CAMBODIA is looking to launch its first government-backed export-import bank to boost trade, officials said, with the UN Development Program being asked to help with the project.
Cambodia's ex-im bank would offer loans to companies exporting abroad, with a special focus on the rice industry. Officials hope to launch the bank in two years.
Export-import banks, such as the one in the United States, help exporters obtain credit in transactions that private lenders deem too risky.
"We are optimistic that this bank can be established soon," Mao Thora, a secretary of state at the Ministry of Commerce, said Monday. He said the government is waiting for a response from UNDP.
"I think it will help Cambodia increase exports and imports because the bank can provide additional loans to traders."
He added that the necessary legal framework - particularly legislation covering trade insurance, was passed in 2007.
Authorities are still determining whether the new bank would be run privately, by the government, or as a private-public partnership.
David Van, a senior trade development adviser with the UNDP's Trade Project, told the Post that an export-import bank would boost trade in Cambodia.
"The bank will encourage exports and imports by providing low-interest loans to rice millers," he said.
"The establishment of the bank depends mainly on the Cambodian government, and we need at least one to two years to do it because ... we need time to raise awareness among the public and the government, and to advertise its importance," Van said.
He added that the UNDP would approach the World Bank and the Asian Development Bank to secure grants to supplement Cambodian government funds.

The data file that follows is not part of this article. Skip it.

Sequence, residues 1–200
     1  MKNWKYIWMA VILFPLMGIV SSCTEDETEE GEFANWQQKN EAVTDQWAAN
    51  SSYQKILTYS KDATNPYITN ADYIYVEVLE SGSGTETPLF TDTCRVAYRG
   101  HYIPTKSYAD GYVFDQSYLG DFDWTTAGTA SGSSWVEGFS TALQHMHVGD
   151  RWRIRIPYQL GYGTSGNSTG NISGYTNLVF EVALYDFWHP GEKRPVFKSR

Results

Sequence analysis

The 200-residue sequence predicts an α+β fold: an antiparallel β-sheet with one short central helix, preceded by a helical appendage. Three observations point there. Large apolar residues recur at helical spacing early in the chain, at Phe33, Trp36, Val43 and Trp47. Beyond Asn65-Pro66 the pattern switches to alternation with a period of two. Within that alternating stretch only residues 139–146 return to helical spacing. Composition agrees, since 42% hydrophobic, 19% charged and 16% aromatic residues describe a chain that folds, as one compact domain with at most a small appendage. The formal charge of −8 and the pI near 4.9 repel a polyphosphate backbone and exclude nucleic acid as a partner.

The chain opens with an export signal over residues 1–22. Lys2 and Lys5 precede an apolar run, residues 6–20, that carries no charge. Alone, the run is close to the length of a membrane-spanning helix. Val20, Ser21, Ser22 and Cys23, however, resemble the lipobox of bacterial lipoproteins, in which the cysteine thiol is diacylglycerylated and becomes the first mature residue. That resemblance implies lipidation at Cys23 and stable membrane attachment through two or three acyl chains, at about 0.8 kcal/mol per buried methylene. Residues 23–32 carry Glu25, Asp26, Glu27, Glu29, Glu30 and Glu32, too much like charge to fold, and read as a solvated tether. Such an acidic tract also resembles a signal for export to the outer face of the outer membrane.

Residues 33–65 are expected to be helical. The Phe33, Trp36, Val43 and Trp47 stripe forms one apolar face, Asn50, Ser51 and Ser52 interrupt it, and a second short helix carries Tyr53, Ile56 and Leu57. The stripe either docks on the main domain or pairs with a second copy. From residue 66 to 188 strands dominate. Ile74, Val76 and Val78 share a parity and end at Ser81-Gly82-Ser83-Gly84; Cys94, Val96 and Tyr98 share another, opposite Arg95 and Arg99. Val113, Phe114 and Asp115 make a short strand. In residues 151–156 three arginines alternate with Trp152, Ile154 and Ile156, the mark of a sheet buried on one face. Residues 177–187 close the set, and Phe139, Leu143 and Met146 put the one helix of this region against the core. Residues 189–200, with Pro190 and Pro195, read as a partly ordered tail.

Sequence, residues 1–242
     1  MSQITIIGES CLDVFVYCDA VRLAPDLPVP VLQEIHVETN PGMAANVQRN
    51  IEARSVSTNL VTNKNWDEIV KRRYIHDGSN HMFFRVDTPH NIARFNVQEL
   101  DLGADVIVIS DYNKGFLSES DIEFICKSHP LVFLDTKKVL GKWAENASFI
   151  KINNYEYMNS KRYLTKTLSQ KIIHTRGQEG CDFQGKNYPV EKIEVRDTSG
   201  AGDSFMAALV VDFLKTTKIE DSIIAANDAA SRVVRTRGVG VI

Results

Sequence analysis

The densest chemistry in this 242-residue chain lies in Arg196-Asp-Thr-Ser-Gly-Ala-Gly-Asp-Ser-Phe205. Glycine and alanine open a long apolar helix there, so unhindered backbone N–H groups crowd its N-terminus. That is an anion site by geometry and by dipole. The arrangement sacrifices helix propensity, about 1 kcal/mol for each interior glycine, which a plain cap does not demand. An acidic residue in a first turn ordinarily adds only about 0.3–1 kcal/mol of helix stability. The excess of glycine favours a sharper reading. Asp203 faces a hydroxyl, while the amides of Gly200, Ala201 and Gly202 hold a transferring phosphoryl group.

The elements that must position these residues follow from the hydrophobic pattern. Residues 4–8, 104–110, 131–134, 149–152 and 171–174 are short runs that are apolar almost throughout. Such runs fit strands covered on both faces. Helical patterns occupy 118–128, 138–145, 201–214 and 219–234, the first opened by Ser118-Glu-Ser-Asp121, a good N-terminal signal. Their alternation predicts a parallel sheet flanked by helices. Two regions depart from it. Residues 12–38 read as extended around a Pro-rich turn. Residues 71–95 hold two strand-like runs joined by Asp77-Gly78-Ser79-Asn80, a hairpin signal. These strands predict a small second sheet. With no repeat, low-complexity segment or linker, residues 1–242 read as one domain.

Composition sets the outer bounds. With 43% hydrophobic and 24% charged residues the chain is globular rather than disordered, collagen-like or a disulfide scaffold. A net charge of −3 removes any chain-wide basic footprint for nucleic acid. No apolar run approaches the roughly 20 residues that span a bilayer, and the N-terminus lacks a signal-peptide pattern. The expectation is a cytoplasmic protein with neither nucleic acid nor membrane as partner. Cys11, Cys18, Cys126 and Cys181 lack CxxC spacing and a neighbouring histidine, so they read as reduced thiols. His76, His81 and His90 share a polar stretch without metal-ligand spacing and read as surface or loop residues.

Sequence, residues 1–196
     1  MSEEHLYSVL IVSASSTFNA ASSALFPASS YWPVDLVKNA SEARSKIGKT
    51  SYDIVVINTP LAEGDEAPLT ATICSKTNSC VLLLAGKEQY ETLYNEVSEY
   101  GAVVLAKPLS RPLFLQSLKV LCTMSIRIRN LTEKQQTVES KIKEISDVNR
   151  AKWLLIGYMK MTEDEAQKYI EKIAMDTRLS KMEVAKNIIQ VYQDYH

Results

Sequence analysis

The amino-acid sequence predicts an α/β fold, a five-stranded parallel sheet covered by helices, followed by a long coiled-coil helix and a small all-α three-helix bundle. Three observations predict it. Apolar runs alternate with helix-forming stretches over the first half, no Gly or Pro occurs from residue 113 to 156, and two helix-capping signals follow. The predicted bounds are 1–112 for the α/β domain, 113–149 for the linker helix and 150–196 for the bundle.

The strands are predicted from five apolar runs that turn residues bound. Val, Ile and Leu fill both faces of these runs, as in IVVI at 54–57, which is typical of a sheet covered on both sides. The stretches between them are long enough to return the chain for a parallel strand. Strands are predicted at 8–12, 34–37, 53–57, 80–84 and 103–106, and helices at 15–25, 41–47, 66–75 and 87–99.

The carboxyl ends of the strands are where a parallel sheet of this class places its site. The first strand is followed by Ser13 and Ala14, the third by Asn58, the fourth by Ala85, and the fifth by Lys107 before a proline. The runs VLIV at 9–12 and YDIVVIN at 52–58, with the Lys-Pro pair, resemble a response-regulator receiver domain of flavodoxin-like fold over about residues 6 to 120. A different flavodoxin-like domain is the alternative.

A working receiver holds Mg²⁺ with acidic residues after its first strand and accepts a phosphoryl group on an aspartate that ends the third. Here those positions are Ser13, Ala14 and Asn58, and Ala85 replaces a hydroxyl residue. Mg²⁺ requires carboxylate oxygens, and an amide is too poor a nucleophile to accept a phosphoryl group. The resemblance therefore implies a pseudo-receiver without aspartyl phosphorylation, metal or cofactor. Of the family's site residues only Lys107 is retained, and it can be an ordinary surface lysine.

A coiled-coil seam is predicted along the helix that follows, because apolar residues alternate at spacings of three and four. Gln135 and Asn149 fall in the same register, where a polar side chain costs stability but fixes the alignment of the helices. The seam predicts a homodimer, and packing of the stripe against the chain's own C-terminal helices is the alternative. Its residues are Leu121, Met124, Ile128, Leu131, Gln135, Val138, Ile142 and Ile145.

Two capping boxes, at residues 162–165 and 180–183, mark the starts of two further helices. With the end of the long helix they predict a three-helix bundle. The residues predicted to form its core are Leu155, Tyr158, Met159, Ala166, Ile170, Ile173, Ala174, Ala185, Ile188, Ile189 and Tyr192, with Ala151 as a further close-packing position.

Tal Nay Im, director general of the National Bank of Cambodia, said Monday that she had no information about the proposed bank.
THE BANK WILL ENCOURAGE EXPORTS AND IMPORTS BY PROVIDING ... LOANS.
"We can't really comment on the bank because we have not been informed about the plan," she said.
Sisowath Pheanuroth, project coordinator with the Cambodia Sector-Wide Silk Project and a member of the Trade Project development group in Cambodia, said the trade sector faces growing challenges because business people lack the necessary capital to fund exports.
"We welcome the establishment of this bank and hope that it will push rice exports," he said.
"It is an opportunity for local traders to compete with traders from neighbouring countries, who regularly come to buy husk rice from farmers in Cambodia," he said.
Song Hong, vice president of the Cambodian Rice Millers Association in Battambang, said that the industry was in need of below-market loans.
"We want to export more rice, but we have to make sure traders have credit throughout the year," he said.
He estimated that Cambodia needs US$200 million to $300 million to support the rice trade annually.